Latest Transaction Support Centre case load stats

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71point4 > Blog > Housing > Latest Transaction Support Centre case load stats

Latest Transaction Support Centre case load stats

Posted by: Jessica Robey
Category: Housing, The Transaction Support Centre

*Hover over the image and click on the arrow to go to the next slide*

Notes: *Door-to-door enumeration conducted as part of a larger project piloting the use case of Blockchain technology to create a secure property registry. **Total exceeds number of cases with title deed problems as one case may have multiple problems to regularise the title deed (i.e. informal cash sale & deceased estate). Administrative title deed problems include incorrect names or ID numbers added to title deeds, or a spouse that wasn’t added to the title deed (typically involves very old title deeds), or missing / lost title deeds (require a VA application).



This occurs primarily in government-subsidised stock, where the property has not yet been transferred from the State to the beneficiary. The beneficiary may have been living in the house for many years but is not the registered owner and therefore cannot legally sell the property, or leverage the asset to access financing for any home improvements or renovations. If the beneficiary dies heirs cannot inherit the property. Beneficiaries also cannot interact with the municipality about their properties because they are not recognised as owners. This means that the municipality cannot directly bill for services delivered, and the beneficiary cannot get approvals for building work they wish to undertake on the property.


When the registered owner of a property dies, the property has to be transferred out of the deceased estate to the heirs. This can be complicated where there is no will in place – a common problem in the low-value property market – and the rules of intestate succession determine who the property should be transferred to.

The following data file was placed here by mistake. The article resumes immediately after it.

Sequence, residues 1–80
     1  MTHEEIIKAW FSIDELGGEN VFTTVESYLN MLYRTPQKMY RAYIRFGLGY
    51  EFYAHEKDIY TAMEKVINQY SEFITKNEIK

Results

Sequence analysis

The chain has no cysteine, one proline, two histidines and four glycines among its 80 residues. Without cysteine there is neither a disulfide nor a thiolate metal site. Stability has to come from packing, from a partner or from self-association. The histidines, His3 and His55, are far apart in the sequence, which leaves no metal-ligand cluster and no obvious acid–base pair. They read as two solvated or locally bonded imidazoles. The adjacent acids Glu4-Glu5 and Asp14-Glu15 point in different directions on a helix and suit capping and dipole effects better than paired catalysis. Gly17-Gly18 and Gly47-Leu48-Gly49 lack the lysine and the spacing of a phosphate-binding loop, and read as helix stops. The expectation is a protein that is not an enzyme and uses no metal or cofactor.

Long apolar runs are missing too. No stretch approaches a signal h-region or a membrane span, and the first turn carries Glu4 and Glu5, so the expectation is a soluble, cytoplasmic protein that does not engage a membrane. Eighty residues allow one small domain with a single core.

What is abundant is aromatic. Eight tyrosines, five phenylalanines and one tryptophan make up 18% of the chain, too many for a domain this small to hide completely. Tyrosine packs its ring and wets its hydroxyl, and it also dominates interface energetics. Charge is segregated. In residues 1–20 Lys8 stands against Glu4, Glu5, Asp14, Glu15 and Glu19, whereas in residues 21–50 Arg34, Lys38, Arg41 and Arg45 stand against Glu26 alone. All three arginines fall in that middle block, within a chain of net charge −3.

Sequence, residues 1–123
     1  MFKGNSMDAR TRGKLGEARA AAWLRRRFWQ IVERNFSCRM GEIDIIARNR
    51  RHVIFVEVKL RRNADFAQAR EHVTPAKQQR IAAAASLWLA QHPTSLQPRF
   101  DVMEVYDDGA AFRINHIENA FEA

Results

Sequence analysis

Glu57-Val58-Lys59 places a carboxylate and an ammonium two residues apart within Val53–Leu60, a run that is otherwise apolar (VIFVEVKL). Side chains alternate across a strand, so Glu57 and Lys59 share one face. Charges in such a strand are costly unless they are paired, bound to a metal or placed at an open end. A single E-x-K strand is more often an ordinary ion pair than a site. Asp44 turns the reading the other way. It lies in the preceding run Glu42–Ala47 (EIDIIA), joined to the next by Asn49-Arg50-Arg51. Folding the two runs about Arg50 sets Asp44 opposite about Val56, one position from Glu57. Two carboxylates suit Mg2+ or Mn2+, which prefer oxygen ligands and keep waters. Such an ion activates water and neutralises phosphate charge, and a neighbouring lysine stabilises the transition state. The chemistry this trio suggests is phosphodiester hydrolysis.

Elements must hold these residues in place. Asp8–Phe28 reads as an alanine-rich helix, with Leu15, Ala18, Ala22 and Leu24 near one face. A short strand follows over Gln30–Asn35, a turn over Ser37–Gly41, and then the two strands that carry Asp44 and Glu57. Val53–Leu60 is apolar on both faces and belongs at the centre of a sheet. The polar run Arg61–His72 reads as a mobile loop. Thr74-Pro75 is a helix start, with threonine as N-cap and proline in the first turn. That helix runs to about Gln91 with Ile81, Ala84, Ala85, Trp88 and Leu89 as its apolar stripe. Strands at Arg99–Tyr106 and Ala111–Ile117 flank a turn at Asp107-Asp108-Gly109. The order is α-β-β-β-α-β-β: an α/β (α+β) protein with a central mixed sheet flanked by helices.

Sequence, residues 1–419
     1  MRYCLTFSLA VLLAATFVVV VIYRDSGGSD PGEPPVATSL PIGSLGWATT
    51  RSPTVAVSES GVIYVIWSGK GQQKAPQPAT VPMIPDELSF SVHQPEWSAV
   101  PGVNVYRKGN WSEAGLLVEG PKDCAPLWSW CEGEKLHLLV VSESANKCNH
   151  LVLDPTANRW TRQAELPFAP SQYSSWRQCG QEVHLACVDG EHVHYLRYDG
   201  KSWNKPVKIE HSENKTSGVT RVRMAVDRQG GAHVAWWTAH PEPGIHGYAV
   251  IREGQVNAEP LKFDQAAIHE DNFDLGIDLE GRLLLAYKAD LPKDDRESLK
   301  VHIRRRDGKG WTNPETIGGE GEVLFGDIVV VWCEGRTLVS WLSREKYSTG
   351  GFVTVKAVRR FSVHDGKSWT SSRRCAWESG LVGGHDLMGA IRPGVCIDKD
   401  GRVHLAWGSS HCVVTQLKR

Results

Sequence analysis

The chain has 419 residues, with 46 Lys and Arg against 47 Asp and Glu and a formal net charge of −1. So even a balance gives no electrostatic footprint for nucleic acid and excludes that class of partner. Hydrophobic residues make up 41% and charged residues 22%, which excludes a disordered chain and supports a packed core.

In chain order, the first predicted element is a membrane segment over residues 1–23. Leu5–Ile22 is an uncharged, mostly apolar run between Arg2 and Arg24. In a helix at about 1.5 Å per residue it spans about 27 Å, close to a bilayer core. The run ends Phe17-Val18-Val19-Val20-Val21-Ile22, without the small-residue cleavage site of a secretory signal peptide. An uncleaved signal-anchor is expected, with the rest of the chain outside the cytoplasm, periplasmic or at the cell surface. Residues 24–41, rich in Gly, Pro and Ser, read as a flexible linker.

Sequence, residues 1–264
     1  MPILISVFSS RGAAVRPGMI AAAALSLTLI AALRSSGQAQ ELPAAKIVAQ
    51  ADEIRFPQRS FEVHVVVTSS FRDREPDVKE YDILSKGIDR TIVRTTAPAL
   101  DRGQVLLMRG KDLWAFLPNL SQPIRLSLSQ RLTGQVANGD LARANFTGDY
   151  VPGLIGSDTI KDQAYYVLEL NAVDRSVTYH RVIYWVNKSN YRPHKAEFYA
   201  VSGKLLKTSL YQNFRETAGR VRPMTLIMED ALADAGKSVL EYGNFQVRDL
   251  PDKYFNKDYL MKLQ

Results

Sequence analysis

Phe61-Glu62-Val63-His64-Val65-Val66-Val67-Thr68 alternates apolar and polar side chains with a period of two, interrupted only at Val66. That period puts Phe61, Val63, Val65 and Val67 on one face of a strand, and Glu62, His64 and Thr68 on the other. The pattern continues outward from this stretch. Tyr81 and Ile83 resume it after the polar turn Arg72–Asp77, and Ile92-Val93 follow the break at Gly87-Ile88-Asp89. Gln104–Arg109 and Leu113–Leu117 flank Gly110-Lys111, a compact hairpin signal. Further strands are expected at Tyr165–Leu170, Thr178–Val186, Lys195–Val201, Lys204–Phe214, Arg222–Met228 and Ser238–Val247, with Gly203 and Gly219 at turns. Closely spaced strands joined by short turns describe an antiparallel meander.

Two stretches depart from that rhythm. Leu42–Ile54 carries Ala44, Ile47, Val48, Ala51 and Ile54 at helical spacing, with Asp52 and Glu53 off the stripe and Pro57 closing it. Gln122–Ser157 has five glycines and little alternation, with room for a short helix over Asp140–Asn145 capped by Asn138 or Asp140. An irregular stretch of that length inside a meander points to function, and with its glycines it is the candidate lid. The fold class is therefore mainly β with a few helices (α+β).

This relates to a property sale where buyers and sellers do not use a conveyancer to register the transaction in the Deeds Registry. Typically, buyers and sellers will sign an affidavit endorsed by a street committee or at the police station. These affidavits are not legally binding documents. They are often not dates and can easily be forged. Buyers who have bought houses this way can be evicted by the registered owners or heirs of the deceased registered owners.


Includes cases where the original title deed has been lost / damaged or where the name or ID number on the title deed needs to be corrected (e.g. misspelled name). Other administrative cases involve the TSC following up with City officials on title deed which are registered in the Deeds Office but which have never been handed over to clients.

The Transaction Support Centre (TSC) is a joint project of 71point4 and The Centre for Affordable Housing Finance in Africa (CAHF) and is currently funded by The Oppenheimer Generations Fund.

Author: Jessica Robey

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